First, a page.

CENTRAL TEXAS (KXAN) — A new bill filed by State. Rep Donna Howard earlier this month could remove sales taxes on both child and adult diapers — a measure, one state diaper bank said, could have significant impacts on their customers as well as their day-to-day operations.

Jorge Medina serves as CEO of the Texas Diaper Bank, based out of San Antonio. As of mid-2022, the organization had distributed 873,000 diapers, nearly 103,000 incontinence products and more than 41,000 menstrual products.

As inflation rates have risen and more Americans have felt financial strains and higher bills, that’s translated into more customers in need of assistance, Medina said. The Texas Diaper Bank launched an at-home delivery service during the COVID-19 pandemic, and the organization is now seeing significant demand levels for those core services.

“That [delivery program] has become far more important for families, even more so with rising gas prices and inflation,” Medina said. “We have, currently, a 300-person waitlist to get into our program right now. And so the need is tremendous, and we’re just seeing more and more families utilizing our services.”

If Howard’s bill is approved in the state’s 88th Legislative Session next year, it would update the state’s tax code to add diapers to its list of medical products with sales tax exemptions. Currently, items like drugs and medicines beyond insulin, hearing aids and braille writers or equipment for people who are blind or visually impaired are all exempt.

It’s Howard’s fourth attempt at getting the bill through the Texas Legislature, with Medina adding the Texas Diaper Bank has supported the effort since its first introduction in 2017. Should the Texas Legislature pass the bill, the sales tax exemption would take effect Sept. 1, 2023.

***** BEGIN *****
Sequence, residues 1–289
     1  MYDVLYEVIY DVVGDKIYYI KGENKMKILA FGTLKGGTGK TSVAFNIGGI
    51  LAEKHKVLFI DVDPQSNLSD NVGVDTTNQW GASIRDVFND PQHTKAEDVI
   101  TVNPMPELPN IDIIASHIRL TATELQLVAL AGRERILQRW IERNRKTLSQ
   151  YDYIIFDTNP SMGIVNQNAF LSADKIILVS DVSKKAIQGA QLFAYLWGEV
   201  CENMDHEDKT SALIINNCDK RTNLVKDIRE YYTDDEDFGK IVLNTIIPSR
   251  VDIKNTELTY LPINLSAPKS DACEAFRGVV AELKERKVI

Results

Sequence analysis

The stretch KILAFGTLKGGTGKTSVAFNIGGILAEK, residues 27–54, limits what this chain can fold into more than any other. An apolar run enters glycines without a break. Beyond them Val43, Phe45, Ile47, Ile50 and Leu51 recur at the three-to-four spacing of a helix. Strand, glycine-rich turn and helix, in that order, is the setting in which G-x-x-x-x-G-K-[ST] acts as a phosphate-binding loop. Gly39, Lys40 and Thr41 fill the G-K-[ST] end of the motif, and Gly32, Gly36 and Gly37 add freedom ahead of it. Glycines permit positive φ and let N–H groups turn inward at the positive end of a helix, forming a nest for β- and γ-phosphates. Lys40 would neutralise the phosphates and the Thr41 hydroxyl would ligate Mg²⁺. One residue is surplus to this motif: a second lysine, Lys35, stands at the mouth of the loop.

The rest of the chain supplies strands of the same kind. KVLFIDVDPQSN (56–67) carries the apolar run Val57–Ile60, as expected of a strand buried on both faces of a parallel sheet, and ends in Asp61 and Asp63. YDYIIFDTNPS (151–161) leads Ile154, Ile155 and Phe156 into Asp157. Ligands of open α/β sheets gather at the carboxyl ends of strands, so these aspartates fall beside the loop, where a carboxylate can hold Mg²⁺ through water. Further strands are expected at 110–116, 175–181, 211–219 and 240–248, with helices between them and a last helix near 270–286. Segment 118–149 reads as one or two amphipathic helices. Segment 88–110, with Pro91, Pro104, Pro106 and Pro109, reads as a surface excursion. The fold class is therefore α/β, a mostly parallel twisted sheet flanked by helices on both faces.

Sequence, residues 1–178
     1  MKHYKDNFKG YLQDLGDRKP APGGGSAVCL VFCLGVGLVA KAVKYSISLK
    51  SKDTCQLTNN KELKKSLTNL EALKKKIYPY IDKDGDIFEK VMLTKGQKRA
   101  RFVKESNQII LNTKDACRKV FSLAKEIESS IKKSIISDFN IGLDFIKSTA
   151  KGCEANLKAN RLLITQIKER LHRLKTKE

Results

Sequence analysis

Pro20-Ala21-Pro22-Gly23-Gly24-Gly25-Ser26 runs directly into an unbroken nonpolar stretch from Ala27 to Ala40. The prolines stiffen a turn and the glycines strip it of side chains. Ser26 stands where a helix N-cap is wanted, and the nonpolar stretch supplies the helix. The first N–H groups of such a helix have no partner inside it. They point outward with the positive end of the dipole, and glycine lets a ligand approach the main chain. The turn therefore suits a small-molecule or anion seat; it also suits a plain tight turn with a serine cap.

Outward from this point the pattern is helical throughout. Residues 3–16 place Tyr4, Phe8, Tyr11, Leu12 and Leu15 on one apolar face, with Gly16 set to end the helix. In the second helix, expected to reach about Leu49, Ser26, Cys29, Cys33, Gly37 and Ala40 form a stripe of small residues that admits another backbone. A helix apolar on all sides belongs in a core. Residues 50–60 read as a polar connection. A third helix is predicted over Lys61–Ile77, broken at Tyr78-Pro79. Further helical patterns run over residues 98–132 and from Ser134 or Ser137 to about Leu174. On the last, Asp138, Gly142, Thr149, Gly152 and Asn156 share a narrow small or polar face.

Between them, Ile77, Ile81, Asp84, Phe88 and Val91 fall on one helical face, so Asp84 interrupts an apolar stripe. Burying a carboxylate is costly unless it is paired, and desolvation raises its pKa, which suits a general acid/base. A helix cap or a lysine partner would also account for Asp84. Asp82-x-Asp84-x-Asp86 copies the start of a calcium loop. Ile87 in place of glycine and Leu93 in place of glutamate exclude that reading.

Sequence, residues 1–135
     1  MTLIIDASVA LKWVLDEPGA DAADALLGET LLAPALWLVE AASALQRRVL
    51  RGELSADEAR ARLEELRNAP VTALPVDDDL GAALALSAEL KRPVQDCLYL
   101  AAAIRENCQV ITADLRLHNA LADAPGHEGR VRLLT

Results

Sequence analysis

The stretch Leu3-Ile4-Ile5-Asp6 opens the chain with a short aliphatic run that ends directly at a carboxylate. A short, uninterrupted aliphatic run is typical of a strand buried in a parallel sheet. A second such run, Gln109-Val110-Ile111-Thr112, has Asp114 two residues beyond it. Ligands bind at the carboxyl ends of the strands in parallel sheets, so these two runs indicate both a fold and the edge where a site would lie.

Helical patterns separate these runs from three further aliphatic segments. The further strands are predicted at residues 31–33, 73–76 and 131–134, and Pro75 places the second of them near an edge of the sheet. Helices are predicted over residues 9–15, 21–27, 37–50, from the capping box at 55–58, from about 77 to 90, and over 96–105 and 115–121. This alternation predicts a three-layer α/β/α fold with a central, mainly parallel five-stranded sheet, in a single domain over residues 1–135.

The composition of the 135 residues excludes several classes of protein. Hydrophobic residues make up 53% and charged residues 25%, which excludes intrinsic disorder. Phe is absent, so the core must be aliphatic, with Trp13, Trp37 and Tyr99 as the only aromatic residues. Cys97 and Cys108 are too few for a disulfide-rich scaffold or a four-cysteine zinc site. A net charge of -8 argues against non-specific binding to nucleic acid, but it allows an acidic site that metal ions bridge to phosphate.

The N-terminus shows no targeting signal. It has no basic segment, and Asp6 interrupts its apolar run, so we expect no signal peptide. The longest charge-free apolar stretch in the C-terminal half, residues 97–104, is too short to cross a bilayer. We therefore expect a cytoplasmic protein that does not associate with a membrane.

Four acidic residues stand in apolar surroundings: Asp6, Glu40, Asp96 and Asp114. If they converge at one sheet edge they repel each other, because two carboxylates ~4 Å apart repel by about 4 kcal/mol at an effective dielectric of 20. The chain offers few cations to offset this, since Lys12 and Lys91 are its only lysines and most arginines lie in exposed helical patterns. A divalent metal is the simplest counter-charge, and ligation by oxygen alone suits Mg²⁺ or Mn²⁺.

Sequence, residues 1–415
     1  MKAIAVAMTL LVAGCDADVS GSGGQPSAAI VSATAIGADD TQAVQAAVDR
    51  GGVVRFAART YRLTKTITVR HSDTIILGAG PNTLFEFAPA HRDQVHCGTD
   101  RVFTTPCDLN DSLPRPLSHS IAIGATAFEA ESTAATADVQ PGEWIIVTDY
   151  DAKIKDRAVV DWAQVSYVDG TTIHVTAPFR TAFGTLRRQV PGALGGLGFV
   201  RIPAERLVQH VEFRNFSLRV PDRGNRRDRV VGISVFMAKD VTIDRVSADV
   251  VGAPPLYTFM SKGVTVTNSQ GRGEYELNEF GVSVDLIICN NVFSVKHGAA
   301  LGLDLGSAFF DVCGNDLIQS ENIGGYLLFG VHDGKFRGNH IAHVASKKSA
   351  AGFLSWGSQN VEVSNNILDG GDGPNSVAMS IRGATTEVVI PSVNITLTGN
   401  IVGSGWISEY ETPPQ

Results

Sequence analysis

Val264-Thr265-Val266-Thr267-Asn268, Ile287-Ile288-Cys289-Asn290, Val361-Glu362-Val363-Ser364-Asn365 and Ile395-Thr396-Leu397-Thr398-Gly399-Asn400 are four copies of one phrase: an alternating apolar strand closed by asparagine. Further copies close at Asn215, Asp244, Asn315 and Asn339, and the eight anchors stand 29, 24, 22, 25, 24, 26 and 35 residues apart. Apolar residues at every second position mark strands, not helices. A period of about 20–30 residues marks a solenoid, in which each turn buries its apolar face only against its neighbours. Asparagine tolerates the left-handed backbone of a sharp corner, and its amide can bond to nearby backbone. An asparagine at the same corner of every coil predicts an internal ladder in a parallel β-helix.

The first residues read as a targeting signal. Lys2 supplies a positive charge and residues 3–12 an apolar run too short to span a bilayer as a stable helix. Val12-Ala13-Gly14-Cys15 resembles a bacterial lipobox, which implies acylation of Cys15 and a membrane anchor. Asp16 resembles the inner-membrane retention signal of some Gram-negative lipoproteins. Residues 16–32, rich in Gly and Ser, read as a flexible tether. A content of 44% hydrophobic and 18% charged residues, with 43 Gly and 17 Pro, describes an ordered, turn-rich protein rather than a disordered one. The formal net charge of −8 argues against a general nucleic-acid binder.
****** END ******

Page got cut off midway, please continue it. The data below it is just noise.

"Repealing the tax on these essential items would be great because more families would be able to purchase more of these essentials and reallocate those funds and those savings to other essential needs," Medina said.

The impacts of inflation levels have been a one-two punch, Medina added; more families are seeking out the Texas Diaper Bank's services, while fewer people are donating due to their own financial constraints.

Medina added other diaper bank leaders across the nation have reported similar donation pinch points. Unlike other essential services like food banks, he said diaper banks don't receive much federal or state-level assistance, with their dependency on individual and retailer donations.

"We have seen a decline in donations and support. This has been one of our toughest years in fundraising," he said. "The donations and support that we get is important, but when you're looking at less money coming in, you're also having to make difficult decisions, as these families are."

If the sales tax on diapers is removed, Medina said both customers and the diaper bank's money would stretch further to capture more products for those in need. Through monetary donations, the Texas Diaper Bank participates in purchasing programs to buy diaper products and other essentials at a discount.

The more people are able to give through donated items or monetary donations, the more assistance the organization can provide, Medina added.

"We're able to take your $1 donation and are able to multiply that four times, six times over because of the cost savings that we have," he said.

Those looking to get involved with the Texas Diaper Bank can find more information on donations and volunteer service options online.